The Cancer Letter is starting 2017 with something we haven’t done in … well, ever.
Ours was a practical design: two “galleys” per page. The galleys were typeset on a super-duper, iconic IBM Selectric typewriter—the sort that could actually justify lines! Thus typeset, the galleys were placed on a light table and attached with rubber cement to the mockup pages. The mockup was then taken, by car, to the printer and mailer.
The Cancer Letter had to be strictly at eight pages per issue so it could be folded, and placed in envelopes. Twelve pages could be done, but expensive to produce and mail. The process was digitized in 1989, but the layout lived on.
We’ve been getting away from our spartan design heritage over the past three years: first, by launching our new website in January 2014, to enable you to read and share individual articles online. Then, we added videos and weekly art features.
For a while, we thought the PDF would go the way of the Betamax, eight-track tapes, and, for that matter, the IBM Selectric. These predictions notwithstanding, the PDF remains popular, even as our web readership doubles annually. This sleek, colorful redesign is our recognition that many of you like to print and read.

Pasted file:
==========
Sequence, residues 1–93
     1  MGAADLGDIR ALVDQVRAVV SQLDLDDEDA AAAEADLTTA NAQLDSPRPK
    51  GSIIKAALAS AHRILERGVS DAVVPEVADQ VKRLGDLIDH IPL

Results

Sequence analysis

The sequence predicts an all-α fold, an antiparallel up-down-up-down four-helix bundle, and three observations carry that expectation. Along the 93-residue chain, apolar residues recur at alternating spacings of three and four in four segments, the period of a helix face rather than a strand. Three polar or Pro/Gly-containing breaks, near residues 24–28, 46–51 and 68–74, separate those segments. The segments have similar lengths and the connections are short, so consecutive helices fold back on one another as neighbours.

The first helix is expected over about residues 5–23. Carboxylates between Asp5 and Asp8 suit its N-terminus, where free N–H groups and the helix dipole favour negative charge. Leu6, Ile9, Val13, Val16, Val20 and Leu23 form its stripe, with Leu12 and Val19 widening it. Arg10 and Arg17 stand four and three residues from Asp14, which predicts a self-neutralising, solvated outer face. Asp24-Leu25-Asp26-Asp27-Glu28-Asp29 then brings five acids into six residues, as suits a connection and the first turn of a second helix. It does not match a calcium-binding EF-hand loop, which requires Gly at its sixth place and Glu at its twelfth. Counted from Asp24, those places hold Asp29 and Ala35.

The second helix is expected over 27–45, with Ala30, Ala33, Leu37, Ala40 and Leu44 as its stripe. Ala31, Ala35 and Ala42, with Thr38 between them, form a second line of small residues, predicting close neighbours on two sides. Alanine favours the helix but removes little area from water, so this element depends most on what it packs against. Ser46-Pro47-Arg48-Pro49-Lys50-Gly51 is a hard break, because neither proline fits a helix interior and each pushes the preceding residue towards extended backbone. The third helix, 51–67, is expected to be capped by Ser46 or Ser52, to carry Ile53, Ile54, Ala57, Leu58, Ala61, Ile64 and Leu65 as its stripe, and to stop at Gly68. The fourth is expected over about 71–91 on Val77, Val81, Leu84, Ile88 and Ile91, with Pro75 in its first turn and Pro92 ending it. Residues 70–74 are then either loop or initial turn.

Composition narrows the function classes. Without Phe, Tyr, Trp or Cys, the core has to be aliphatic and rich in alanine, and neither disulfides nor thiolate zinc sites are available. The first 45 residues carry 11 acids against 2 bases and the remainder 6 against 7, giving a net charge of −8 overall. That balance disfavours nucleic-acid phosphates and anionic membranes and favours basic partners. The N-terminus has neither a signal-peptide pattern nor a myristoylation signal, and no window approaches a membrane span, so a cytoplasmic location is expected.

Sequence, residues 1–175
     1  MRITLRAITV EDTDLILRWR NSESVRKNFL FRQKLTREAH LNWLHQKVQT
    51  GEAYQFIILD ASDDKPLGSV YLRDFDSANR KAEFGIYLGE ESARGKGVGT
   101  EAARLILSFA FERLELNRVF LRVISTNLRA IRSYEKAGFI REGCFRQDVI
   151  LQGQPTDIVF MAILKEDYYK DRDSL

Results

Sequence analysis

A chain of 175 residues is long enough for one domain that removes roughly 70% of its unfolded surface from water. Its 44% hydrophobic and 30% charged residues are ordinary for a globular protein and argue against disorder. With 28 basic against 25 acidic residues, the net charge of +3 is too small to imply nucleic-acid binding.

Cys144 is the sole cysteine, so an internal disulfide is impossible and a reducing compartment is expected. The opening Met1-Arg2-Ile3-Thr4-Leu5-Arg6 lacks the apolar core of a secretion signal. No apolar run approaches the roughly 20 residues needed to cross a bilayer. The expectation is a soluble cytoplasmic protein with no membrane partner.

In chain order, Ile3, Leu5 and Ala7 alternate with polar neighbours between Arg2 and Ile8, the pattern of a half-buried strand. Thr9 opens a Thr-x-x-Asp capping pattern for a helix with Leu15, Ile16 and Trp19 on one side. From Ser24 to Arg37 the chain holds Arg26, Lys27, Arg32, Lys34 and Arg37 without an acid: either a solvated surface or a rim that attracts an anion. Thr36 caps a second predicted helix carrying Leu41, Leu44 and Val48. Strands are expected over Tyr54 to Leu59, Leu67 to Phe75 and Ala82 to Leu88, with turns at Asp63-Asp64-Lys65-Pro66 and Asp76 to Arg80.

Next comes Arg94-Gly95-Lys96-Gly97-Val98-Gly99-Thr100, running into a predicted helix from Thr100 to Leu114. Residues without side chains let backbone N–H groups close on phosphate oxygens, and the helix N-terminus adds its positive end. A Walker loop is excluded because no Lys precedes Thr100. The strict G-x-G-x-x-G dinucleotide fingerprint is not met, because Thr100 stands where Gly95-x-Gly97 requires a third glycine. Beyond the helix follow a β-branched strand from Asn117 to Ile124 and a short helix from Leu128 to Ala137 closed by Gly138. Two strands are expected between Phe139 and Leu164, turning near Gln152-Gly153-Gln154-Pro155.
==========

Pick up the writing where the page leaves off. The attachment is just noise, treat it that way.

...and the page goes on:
Now, take a look at the issue in your hands (or on your electronic device). It’s just as newsy, but less severe, and easier to navigate. We put in more white space, abandoned the primeval Times New Roman font, and, to reduce visual fatigue, moved the body copy into three columns. The bite-sized version of our logo also acknowledges that many of you have been referring to The Cancer Letter simply as TCL.
Also, we listened to our advertisers. We introduced web ads three years ago, but due to popular demand, we are bringing back full-page PDF ads. Cancer centers, universities, pharmaceutical companies, and government agencies continue to widely circulate the PDF, from desk to desk, or via email. Your institution can now place premium PDF ads that will reach our growing list of over 120 site license subscribers—pretty much everyone who matters in oncology.
Over the years, many a design consultant has told us to update our logo, which they described as “too retro.” A bit of history: an art student whose name we no longer remember created the logo in 1973. Jerry Boyd, the founder of The Cancer Letter, paid him a princely sum of $60 for his excellent work. We like it, and we are keeping it.
However, this time, we allowed a designer, Jacqueline Ong, to clean up the logo, while maintaining the look and feel that has been a part of the cancer world since the launch of Richard Nixon’s National Cancer Program.
With the beginning of the Trump administration two weeks—and one issue—away, we look forward to continuing the in-depth, cutting-edge reporting that defines The Cancer Letter.
Editor & Publisher,
The Cancer Letter